The following selections are re-recorded from copies in the collection of Mr. and Mrs. Laurence C. Witten II in the Yale Collection of Historical Sound Recordings, Yale University Library:
CD 1: Tracks [1, 2, 4-7, 9]
Discographic material was taken from:
“Salomea Kruszelnicka” from the Record Collector, Vol. 18, No. 4, by Eduardo Arnosi and R L Autrey, February 1969, pgs. 75-88
His Master’s Voice/La Voce del Padrone, complied by Alan Kelly, 1988, Greenwood Press, Inc., Westport, Connecticut, U.S.A.
The Fontipia Catalogue 1904-1939, CD ROM, published by Historic Masters, Ltd.
The Polish Divas
At the beginning of the 20th century audiences at the major Italian theaters were mainly interested in new operas of the verismo school, with frequent large doses of Wagner; they even managed to digest the operas of Richard Strauss. The queen of verismo herself, Gemma Bellincioni, introduced Salome in Italy, creating the role at the Teatro Regio, Turin, on 23 December 1906, the composer conducting. She subsequently sang the role over a hundred times, even though, in the opinion of a rival soprano, Amelia Pinto, “not having any voice, she exaggerates and completely alters the character.” There had been a battle between Turin and Milan as to which city would have the honor of the first Italian performances; Toscanini managed to trump Turin by presenting Salome at a public dress rehearsal at La Scala on 22 December, the day before the Turin premiere. The official Milan first night was on 26 December, with Salomea Krusceniski (as she styled herself in Italy) making her Scala debut in the title role; according to Gatti-Casazza she was “a very interesting Salome and better than all the others.” In 1909 she created Elektra in Strauss’s opera for La Scala, becoming the first great, historical soprano to sing both roles.
Krushelnytska was popular in Italy between 1896 and her final retirement from the stage in 1920. She and her sister Anna, a contralto, had gone to Milan for further vocal study with a certain Signora Crespi. It is a pity that she made so few records. Her repertoire was eclectic, with a strong bias towards contemporary music; this, together with the fact that she dropped Aida, one of her most famous roles, after 1907, suggests that she may have been having some difficulties with her voice. In 1910, after singing Loreley at the San Carlo, she gave a concert of 18th-century arias in Naples. In 1924 she gave a series of recitals in Italy (and several other countries) in which she was accompanied at the piano by the composer Castelnuovo Tedesco. Her Naples program included arias by Monteverdi, Bassani, and Lotti; an aria of Ilia from Idomeneo; and songs by Rachmaninov, Moussorgsky, Gretchaninov, Martucci, Ferro, and Mompelio.
Seeing that they were all pupils of Valery Wysocki, it is not perhaps surprising that the three Polish divas Krushelnytska, Ruszkowska, and Korolewicz-Wayda sing on records with a similar and excellent technique. They all have the round and lovely tone and unforced production that earlier generations of singers had aimed at; most of their Italian contemporaries were producing more strident and unsteady tones in the name of dramatic declamation. An older Polish dramatic soprano who thrills us on early records, Teresa Arkel (1861-1929), although also trained at the Lemberg Conservatorium, sings quite differently, sometimes producing (though not in her marvelous G & T record of “D’amor sull’ali rosee”) the squally and tremulous tones eschewed by Krushelnytska and Ruszkowska. In Italy, only Giannina Russ (especially on her 1903 black G & Ts) and Angelica Pandolfini (who had been trained in Paris) had their kind of fresh, silvery yet warm tone. Both Krushelnytska and Ruszkowska exhibit a rather light and unobtrusive, fluttering vibrato that is mostly absent from Korolewicz-Wayda’s singing. This kind of vibrato is caused either by a faulty breathing method, by a slight excess of breath pressure, or by a “backward” placing of the voice. To our ears it does not detract from the attractive quality of the singing of either of these ladies, though in the 18th century it would have been more harshly criticized. Korolewicz-Wayda has a more solid technique and firmer legato that the others, with perfect fusion of the registers and every note well-placed, but her timbre is perhaps less luscious that Krushelnytska’s and less pearly than Ruszkowska’s.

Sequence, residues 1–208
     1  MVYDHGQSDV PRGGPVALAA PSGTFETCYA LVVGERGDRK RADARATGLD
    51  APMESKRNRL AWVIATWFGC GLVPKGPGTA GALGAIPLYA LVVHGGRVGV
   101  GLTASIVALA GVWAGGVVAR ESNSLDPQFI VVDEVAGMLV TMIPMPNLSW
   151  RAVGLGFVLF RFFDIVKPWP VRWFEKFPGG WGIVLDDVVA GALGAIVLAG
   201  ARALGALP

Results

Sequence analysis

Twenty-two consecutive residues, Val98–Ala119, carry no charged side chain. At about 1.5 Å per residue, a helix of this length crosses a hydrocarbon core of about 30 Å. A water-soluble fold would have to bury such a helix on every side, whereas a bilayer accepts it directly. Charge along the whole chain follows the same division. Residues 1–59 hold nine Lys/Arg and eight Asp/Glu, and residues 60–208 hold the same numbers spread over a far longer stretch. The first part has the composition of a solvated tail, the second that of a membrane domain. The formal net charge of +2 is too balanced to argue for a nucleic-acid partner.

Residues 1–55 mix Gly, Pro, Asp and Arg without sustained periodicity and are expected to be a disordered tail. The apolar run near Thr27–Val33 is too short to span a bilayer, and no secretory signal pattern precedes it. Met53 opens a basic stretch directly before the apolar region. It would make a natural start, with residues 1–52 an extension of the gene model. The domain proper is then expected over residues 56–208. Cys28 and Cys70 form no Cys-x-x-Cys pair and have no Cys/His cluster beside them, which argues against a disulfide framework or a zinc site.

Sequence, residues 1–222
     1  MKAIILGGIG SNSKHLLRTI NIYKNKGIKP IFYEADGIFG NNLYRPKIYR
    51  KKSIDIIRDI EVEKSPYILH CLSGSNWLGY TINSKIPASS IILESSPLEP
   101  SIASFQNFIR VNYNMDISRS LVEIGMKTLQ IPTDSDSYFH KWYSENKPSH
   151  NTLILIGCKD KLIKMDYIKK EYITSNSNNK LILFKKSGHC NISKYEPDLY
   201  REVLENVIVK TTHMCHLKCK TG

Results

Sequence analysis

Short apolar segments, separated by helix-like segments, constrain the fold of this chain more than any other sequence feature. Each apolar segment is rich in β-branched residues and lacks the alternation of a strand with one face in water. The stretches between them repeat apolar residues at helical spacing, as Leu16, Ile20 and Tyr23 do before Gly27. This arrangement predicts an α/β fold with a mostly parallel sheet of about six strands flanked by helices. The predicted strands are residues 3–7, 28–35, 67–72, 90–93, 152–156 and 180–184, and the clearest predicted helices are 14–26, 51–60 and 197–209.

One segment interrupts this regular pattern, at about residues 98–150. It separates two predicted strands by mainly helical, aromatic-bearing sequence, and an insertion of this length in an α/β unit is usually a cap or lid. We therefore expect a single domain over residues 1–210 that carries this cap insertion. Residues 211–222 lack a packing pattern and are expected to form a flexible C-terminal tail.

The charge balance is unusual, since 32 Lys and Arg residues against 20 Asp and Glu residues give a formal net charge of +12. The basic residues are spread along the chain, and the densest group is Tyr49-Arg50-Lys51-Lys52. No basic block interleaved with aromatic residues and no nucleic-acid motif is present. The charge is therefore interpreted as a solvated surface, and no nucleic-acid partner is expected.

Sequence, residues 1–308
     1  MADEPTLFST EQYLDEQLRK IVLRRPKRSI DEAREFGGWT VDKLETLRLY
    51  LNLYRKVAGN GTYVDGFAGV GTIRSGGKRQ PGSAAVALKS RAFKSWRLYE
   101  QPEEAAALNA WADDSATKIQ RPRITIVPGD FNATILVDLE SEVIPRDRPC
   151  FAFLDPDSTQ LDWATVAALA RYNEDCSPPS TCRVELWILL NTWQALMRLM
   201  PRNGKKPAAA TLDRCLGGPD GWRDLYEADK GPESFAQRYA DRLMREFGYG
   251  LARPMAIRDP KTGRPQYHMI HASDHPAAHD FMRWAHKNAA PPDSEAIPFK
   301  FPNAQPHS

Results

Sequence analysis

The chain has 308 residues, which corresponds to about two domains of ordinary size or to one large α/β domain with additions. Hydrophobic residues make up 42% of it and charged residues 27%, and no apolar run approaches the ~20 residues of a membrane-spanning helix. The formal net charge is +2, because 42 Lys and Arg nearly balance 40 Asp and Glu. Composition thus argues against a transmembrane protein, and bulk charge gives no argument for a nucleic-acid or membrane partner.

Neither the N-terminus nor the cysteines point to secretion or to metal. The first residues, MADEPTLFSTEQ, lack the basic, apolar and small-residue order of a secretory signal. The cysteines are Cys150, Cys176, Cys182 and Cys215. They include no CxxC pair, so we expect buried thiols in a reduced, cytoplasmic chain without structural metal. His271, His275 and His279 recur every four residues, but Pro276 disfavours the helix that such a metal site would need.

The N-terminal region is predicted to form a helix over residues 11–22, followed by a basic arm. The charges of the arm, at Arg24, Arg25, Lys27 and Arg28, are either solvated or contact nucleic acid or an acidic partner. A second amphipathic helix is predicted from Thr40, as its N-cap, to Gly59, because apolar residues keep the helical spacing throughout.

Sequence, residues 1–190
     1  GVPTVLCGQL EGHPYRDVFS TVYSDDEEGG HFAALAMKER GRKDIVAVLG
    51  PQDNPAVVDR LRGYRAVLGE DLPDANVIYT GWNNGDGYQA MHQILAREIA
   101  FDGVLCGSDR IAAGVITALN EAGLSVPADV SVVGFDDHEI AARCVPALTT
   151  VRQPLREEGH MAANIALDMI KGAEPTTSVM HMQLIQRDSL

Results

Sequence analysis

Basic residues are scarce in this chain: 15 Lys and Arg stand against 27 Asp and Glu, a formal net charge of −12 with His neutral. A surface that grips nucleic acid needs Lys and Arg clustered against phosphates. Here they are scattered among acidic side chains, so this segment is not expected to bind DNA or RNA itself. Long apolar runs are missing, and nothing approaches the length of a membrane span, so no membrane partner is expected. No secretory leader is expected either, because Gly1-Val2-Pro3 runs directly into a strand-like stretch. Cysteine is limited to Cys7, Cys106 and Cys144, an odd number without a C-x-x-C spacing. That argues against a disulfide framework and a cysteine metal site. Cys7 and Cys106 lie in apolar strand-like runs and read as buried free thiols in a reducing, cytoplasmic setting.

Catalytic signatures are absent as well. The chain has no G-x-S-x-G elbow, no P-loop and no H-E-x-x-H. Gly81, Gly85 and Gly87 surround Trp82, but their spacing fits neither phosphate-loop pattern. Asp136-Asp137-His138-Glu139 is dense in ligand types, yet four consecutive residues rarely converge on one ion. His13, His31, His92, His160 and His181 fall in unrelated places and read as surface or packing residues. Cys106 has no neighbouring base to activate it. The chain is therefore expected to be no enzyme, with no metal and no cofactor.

Records seem to suggest that Kruschelnytska had a more “important” sounding voice than Ruszkowska, of imposing volume and with a greater richness in the medium register, where she sometimes displays an almost mezzo-soprano quality. Ruszkowska’s voice is purer in quality, more homogeneous throughout its extensive range, more a lyric than a dramatic soprano, though in almost all her records she successfully sings what we think of as “dramatic soprano” material. This should remind us of Verdi’s dictum in an 1892 letter to Ricordi: there is no such thing as a “dramatic soprano”. After all, Patti sang Aida even at La Scala. Ruszkowska preserved the youthful freshness of her timbre up to her last recording session, while Kruschelnytska, on her electrical recordings, sings well but with an over-ripe, matronly sound.